Hu Jintao’s visit took place at a critical juncture, forcing both Hu and Kim to contemplate long-term consequences of further cleavage in Sino-DPRK relations. Importantly, Hu has adjusted Jiang’s position on North Korea by making efforts to mend the cracks in the bilateral relations. He sent his protegee Wang Jiarui, the CCP’s liaison chief in charging of its external affairs, to Pyongyang a number of times to reiterate China’s unchanged support for North Korea. Each of Wang’s visits occurred when the fate of the six-party talks was uncertain. His visits also paved the way for the recent October visit in which Hu offered new financial assistance and promised to extract a proper security guarantee from the United States.

The purpose of Hu’s visit was to seek “common interests” with Pyongyang and reflects his four guiding principles in conducting bilateral relations: more summit meetings, closer trade ties, enhanced cooperation in regional affairs, and pro-active coordination in building a common stance in dealing with the adversaries. Kim expressed his consent to the principles (Ta Kung Pao, October 29). Behind these principles is China’s new understanding of the common interests it has with North Korea. The regional security situation is undergoing profound change: the U.S. and Japan have moved closer in military cooperation; a reunified Korea that is pro-China, cool toward Japan, and without U.S. military presence is as remote as ever; and the Taiwan tension continues. Therefore, China’s common interest with Pyongyang is to preserve the status quo in the Peninsula and allow Beijing to concentrate on its eastern flank. Here the strategic interests of both countries converge.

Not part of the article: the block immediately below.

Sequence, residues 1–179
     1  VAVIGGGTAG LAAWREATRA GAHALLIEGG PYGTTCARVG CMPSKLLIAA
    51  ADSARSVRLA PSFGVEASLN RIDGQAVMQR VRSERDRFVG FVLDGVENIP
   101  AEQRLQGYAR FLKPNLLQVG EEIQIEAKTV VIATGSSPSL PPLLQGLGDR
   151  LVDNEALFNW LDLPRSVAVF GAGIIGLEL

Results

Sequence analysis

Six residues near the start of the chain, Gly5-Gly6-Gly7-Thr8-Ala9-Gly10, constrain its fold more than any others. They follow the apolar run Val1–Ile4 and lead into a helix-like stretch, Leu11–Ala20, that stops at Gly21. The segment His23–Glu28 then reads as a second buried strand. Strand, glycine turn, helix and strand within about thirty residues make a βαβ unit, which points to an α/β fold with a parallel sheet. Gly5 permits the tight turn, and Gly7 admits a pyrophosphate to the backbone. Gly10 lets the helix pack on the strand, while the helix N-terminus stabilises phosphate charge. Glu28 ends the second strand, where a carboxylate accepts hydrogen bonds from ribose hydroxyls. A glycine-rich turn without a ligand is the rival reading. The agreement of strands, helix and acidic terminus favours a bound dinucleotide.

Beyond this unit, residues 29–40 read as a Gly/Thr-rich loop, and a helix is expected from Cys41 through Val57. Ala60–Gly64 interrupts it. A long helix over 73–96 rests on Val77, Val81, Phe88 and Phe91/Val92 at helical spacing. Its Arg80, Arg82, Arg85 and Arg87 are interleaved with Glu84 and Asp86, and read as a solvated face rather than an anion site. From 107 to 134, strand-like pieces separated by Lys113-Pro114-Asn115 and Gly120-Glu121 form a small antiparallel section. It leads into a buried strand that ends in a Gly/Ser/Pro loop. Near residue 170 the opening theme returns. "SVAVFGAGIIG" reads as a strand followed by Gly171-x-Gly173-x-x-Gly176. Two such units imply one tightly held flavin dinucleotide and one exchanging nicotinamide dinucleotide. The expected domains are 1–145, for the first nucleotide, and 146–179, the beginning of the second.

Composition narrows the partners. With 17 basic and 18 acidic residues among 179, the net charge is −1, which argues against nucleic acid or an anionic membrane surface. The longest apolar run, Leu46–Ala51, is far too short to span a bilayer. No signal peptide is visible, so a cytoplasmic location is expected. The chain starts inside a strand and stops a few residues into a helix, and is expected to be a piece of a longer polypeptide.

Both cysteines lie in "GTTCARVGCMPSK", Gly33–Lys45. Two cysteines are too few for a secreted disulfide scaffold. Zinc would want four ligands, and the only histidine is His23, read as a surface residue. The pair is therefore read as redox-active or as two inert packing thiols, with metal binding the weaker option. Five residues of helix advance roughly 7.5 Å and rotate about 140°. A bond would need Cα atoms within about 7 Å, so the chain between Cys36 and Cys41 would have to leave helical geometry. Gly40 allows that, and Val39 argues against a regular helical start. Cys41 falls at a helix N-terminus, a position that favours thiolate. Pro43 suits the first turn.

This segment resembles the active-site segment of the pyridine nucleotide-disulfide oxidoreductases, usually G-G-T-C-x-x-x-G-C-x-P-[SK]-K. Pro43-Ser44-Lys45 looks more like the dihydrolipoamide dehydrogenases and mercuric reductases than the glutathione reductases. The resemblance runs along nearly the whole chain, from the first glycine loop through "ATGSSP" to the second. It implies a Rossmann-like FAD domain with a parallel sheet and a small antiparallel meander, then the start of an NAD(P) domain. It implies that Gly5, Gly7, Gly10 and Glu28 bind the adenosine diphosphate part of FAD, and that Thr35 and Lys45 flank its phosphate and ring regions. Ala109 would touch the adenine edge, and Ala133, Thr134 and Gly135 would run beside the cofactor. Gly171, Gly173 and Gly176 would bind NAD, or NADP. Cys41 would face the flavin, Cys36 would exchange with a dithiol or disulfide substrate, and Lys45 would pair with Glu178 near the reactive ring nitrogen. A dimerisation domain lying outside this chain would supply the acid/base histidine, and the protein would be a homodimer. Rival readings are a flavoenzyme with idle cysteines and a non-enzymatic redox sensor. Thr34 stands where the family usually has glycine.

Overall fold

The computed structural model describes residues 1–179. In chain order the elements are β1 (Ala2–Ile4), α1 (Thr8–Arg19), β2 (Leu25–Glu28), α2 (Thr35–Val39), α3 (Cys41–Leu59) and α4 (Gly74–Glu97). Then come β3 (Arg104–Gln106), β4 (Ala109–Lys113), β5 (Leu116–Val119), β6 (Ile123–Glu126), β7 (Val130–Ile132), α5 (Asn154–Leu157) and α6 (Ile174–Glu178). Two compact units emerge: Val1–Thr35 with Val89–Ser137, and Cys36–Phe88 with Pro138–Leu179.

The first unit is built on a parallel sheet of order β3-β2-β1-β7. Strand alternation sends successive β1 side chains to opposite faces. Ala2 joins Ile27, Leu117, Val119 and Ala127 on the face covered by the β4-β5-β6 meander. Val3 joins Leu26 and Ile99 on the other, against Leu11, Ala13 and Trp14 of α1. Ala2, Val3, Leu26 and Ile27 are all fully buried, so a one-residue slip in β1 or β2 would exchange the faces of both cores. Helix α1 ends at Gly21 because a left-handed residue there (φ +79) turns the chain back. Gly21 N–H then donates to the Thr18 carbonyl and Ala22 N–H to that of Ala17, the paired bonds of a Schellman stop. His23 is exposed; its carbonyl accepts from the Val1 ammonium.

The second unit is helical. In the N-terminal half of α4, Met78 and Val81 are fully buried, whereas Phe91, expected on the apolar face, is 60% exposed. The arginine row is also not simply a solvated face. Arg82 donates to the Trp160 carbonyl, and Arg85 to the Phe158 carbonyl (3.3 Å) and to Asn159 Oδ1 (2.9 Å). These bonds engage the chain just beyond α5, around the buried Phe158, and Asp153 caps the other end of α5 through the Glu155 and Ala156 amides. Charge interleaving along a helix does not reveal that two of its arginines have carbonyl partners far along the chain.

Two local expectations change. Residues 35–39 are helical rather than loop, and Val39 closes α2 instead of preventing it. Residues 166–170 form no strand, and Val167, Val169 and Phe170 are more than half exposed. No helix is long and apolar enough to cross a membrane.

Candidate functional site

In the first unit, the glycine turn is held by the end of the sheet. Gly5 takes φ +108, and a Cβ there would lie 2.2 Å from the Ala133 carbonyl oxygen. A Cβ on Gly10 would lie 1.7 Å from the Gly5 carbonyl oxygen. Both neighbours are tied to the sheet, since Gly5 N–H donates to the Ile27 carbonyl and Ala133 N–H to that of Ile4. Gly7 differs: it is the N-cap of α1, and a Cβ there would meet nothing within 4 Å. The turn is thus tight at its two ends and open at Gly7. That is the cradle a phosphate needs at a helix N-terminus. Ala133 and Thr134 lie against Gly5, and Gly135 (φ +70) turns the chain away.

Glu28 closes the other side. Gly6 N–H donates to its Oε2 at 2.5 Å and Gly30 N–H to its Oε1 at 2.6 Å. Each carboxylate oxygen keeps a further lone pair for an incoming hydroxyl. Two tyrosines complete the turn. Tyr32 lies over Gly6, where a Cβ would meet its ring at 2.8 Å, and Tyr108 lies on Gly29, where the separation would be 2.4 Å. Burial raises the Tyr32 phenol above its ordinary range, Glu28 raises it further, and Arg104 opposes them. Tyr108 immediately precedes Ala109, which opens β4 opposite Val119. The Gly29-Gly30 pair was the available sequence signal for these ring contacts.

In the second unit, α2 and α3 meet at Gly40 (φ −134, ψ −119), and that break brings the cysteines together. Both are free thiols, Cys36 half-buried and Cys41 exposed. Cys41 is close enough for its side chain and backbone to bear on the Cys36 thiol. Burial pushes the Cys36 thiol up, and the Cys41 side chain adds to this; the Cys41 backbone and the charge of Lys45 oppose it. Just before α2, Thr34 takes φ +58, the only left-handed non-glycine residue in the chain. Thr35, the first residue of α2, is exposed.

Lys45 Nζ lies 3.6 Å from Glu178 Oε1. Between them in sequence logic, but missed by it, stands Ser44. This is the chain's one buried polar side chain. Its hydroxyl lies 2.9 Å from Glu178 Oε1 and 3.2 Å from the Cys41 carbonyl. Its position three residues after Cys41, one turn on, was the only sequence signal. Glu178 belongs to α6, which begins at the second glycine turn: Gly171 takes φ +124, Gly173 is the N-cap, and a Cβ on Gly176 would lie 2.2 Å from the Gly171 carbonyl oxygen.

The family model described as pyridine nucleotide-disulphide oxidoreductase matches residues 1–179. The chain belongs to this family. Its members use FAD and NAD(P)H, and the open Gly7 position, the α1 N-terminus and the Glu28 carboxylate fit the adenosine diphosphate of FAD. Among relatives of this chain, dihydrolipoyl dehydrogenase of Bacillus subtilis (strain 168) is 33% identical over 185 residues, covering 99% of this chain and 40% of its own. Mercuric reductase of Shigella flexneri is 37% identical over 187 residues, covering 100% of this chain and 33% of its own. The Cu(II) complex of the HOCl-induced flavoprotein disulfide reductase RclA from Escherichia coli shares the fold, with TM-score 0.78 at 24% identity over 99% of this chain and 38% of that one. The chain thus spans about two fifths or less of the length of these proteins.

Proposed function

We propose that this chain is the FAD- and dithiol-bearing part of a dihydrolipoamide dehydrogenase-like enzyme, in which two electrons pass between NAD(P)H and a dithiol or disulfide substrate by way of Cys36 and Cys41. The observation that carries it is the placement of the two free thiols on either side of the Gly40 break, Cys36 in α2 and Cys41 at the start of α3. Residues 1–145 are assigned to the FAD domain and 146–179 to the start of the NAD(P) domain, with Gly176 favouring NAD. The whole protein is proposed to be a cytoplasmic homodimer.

Kim Jong-Il certainly welcomes such a shift in policy from Beijing. This was underlined by his offer to Hu of the highest level of protocol—his time spent accompanying Hu exceeded that accorded to any foreign leader visiting the country. On the day of Hu’s arrival, a half-million people gathered on the streets to welcome the Chinese delegation. Hu stepped down from the car four times in order to shake hands with them on the street—a gesture that is quite extraordinary for him to perform. Indeed, the reception that Hu received was unprecedented; ironically, however, what Kim did not know is that Hu may have taken no pleasure from such a splendid and staged fanfare. Indeed, one of the first things Hu did after succession was to simplify protocols in seeing off and greeting state leaders.

Sweeter Carrot